no matter how old I get
I will always be at least slightly convinced that I’m capable of hurting a stuffed animal’s feelings
Toy Story mentally fucked a generation of kids.
Last year, when One Direction released “One Way or Another (Teenage Kicks),” a combination Blondie/Undertones cover they recorded for charity, the Guardian’s Adam Boult was prompted to start a list of songs that “must never be covered.” Never mind that 1D’s medley got a seal of approval from Blondie’s Debbie Harry herself; Mr. Boult said it was an “abomination” that somehow “tarnished” the original versions. So it’s not about the gender of the artist doing the cover—it’s about the gender (and age) of their fans. Think about it: Young, poppy acts, have largely young, female fan bases. I believe the reason rockist dudes feel so dang uncomfortable watching these artists cover songs by bands they love is that it points out that they might have something in common with fans of Miley, Lorde, 1D, etc. They might actually have something in common with teenage girls. And what could be worse than that?
Here’s what I want to tell these people: You could do a lot worse than sharing a teenage girl’s taste in music. The pantheon of acts who couldn’t have gotten famous without the support of teenage girls includes a lot of people and bands you probably respect a lot: Michael Jackson. Elvis Presley. The fricking BEATLES. When Nirvana were around, most of their fans weren’t 50-year-old rock critics; they were kids.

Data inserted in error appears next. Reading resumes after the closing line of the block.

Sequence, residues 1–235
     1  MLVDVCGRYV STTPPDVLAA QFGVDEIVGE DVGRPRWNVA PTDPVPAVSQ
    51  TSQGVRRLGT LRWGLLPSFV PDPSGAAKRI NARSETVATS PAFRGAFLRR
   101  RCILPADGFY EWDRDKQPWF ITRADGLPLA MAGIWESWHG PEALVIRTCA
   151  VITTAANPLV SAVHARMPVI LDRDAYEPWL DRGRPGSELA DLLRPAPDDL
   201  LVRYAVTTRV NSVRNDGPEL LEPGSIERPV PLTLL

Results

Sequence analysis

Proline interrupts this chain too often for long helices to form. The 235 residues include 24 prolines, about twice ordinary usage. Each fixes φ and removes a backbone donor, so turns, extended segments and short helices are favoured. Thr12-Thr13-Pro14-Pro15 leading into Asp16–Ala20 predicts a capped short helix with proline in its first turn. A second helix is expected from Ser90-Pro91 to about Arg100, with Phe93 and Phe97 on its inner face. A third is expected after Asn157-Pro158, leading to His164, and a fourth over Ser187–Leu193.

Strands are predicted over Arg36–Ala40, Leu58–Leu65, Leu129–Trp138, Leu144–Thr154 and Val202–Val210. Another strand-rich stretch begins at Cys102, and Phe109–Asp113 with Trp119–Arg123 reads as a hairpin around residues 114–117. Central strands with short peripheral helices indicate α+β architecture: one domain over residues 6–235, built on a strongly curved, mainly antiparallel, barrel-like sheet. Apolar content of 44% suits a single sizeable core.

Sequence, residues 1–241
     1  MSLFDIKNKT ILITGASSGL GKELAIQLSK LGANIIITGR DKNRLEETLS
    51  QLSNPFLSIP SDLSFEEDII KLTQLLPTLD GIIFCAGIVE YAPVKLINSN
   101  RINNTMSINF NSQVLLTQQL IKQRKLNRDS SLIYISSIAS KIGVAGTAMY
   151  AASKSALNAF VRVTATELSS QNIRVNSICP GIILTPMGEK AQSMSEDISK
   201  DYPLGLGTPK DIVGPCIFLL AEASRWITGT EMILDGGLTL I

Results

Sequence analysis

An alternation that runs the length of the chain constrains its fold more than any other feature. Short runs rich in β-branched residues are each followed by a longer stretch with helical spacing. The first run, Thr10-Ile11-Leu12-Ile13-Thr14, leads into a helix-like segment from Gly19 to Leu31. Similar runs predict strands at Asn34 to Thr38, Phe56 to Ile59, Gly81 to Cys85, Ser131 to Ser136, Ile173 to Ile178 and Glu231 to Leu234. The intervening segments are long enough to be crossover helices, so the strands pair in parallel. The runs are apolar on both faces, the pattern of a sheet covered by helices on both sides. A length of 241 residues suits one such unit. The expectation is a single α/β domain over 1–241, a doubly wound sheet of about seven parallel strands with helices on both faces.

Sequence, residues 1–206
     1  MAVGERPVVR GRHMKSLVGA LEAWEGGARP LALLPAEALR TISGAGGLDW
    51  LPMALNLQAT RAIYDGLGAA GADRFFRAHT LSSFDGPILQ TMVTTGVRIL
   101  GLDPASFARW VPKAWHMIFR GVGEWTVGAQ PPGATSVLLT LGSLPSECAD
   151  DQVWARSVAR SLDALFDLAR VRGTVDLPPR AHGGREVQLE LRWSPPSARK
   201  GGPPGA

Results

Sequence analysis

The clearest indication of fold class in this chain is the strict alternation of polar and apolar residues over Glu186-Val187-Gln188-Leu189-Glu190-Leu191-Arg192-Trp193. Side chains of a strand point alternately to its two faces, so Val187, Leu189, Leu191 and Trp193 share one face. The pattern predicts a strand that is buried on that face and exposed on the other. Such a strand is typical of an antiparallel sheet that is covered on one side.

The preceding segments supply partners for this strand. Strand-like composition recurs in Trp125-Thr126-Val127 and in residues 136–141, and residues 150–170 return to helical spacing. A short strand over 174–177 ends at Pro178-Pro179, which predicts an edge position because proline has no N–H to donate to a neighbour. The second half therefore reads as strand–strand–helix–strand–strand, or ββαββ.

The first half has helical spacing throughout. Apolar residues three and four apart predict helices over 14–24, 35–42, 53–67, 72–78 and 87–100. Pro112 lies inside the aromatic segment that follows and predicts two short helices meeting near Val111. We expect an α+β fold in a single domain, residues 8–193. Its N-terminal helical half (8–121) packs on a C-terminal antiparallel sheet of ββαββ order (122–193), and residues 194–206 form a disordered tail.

nothing goes harder than thousands of girls doing the Macarena at a 1d show
She doesn’t have to be your taste, and I can totally understand why someone wouldn’t be into her, but choosing to write off a young woman completely because she “has too many feelings” is just typical, old school misogyny. Don’t like her music? Cool. Don’t like her style? Cool. Don’t like the way she words things in interviews? Totally reasonable. But if you’re willing to paint this woman as the CRAZY BITCH EX-GIRLFRIEND because she uses her platform to call out men’s bullshit behavior, you’re contributing to a culture that assumes all women’s feelings are irrational and worthless. It’s mean, it’s boring, and we can do better. If you want to make fun of Taylor Swift, make fun of Taylor Swift. Don’t resort to mocking femininity in general and trying to pass it off as pop culture news. By turning Taylor into a Crazy Bitch, you might be sending the message to other women writers that it’s not worth it for them to express their feelings at all.